We are thrilled to share our 50th anniversary with another important cultural organization: the Museum Computer Network (MCN), which just kicked off its 45th annual conference in Pittsburgh.
MCN was founded in the spring of 1967 by a group of 15 directors of New York museums who developed a physical computer network that allowed museums to register artworks. Fifty years later, this once–small consortium focused on best practices for cataloguing has broadened its sights to explore how all things digital can transform the ways museums engage audiences. For the MCA, MCN has been a vital platform for sharing our work with our peers in the cultural sector, such as the “radical welcome” approach that came with our new identity and Coyote, an open-source software that supports a describing workflow for cultural institutions to make the images on their website visible to those who have impaired vision.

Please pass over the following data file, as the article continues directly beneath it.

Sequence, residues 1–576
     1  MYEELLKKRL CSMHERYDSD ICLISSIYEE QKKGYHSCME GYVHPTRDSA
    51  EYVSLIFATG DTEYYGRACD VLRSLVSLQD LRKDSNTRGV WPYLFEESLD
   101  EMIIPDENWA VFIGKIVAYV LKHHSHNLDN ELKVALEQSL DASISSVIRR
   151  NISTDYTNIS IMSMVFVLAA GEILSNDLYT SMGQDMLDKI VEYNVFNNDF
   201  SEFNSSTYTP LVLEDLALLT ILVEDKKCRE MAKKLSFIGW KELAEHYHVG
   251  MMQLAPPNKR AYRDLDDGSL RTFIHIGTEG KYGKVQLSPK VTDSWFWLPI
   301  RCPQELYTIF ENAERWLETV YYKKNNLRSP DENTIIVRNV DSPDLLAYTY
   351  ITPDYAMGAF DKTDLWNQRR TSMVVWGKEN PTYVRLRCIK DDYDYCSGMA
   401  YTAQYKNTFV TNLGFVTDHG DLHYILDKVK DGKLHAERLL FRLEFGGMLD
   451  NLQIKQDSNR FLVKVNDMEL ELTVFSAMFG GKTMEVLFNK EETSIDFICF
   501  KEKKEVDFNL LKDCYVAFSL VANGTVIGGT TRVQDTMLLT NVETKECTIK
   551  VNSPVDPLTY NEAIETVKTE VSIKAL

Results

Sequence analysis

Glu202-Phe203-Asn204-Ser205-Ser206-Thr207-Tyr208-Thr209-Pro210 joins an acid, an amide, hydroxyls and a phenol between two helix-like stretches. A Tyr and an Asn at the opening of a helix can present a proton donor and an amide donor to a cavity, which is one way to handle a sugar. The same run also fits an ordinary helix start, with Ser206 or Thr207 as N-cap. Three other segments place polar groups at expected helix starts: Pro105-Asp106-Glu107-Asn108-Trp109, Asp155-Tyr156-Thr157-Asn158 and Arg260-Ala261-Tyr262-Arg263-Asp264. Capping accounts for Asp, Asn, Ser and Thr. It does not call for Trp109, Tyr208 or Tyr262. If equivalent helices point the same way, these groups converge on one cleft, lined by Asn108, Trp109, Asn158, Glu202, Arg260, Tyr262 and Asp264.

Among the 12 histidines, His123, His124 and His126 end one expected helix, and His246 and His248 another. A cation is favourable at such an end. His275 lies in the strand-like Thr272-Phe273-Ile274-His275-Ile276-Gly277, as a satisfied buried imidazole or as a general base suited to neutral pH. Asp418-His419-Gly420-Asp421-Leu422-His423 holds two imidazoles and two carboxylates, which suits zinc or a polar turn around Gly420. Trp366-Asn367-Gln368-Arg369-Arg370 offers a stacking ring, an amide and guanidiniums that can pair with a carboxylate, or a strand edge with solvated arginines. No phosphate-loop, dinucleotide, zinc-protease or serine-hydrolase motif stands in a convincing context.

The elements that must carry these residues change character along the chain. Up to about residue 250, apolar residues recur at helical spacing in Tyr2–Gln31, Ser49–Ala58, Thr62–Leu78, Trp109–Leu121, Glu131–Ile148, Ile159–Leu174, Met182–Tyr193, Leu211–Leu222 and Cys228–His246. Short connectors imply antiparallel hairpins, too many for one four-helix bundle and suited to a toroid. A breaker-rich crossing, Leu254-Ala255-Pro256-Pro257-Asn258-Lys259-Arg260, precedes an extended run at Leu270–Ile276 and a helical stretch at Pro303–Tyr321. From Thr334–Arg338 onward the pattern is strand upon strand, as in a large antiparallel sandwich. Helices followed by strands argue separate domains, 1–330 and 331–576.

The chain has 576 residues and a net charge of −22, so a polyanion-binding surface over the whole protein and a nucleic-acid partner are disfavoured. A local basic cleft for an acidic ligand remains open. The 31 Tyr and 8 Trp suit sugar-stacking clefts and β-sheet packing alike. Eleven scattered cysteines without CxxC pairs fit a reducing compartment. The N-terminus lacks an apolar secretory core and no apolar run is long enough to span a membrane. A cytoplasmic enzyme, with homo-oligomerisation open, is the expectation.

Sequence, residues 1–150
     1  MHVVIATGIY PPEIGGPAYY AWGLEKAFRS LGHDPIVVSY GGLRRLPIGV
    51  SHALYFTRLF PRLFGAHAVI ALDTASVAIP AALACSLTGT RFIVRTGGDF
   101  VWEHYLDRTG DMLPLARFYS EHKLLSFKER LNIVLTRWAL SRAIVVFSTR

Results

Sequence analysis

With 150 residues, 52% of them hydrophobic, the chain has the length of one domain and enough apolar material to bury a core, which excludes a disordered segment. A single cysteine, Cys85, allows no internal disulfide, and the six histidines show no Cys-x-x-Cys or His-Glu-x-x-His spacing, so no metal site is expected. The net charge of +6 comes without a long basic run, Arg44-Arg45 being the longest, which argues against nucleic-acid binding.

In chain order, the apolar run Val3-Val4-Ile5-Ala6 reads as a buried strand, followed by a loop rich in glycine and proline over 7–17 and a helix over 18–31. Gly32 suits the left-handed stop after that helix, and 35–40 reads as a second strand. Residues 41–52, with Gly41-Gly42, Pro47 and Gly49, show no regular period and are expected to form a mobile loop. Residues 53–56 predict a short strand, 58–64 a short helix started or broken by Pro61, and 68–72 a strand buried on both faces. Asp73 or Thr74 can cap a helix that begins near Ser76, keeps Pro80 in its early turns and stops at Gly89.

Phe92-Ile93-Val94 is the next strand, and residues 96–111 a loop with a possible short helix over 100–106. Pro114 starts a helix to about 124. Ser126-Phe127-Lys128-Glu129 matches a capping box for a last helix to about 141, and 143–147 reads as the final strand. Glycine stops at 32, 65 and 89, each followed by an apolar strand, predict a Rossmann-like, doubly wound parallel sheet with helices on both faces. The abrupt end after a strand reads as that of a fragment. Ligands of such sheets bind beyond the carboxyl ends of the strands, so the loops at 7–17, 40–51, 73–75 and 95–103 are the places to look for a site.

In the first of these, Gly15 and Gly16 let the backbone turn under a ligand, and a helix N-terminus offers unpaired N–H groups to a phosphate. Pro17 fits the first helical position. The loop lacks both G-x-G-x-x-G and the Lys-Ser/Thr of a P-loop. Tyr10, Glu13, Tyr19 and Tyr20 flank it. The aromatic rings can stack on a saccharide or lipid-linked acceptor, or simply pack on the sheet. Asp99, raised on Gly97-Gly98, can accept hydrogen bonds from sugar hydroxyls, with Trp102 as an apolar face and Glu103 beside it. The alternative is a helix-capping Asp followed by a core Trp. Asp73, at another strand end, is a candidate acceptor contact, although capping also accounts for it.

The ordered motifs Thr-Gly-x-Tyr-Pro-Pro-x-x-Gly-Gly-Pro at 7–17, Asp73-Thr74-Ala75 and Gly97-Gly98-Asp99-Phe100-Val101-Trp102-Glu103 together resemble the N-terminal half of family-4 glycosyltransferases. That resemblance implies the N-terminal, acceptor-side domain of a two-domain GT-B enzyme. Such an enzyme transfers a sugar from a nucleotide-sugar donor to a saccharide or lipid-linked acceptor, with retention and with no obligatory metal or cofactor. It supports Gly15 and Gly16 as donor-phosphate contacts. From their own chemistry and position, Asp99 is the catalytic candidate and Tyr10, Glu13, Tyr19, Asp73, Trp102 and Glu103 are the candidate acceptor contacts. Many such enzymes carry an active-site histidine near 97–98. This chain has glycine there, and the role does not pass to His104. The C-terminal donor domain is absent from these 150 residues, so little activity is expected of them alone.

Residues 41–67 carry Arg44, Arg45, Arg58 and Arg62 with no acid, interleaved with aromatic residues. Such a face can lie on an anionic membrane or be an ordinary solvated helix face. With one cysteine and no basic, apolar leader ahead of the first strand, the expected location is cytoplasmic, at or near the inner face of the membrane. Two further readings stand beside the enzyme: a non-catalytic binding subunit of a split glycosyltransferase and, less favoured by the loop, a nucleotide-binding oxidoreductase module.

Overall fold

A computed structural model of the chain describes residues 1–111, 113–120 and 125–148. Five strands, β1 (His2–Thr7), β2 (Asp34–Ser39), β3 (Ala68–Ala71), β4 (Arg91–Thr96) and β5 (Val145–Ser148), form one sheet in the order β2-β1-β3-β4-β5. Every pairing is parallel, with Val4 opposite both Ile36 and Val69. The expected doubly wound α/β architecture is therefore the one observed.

Looking back in order to look forward, members of the MCN community turned to various digital strategies, including crowd-sourcing, social media, video, and blogging, to tell the organization’s story and imagine its future. Similarly, the MCA has embarked on an oral history project that not only captures the voices of the community—from trustees and former staff to artists and visitors—that make the MCA what it is today, but also continues to ask everyone to share their own MCA story. As our organizations age, we will continue to distill content and build upon our knowledge, motivated by the belief that our work should be accessible to all.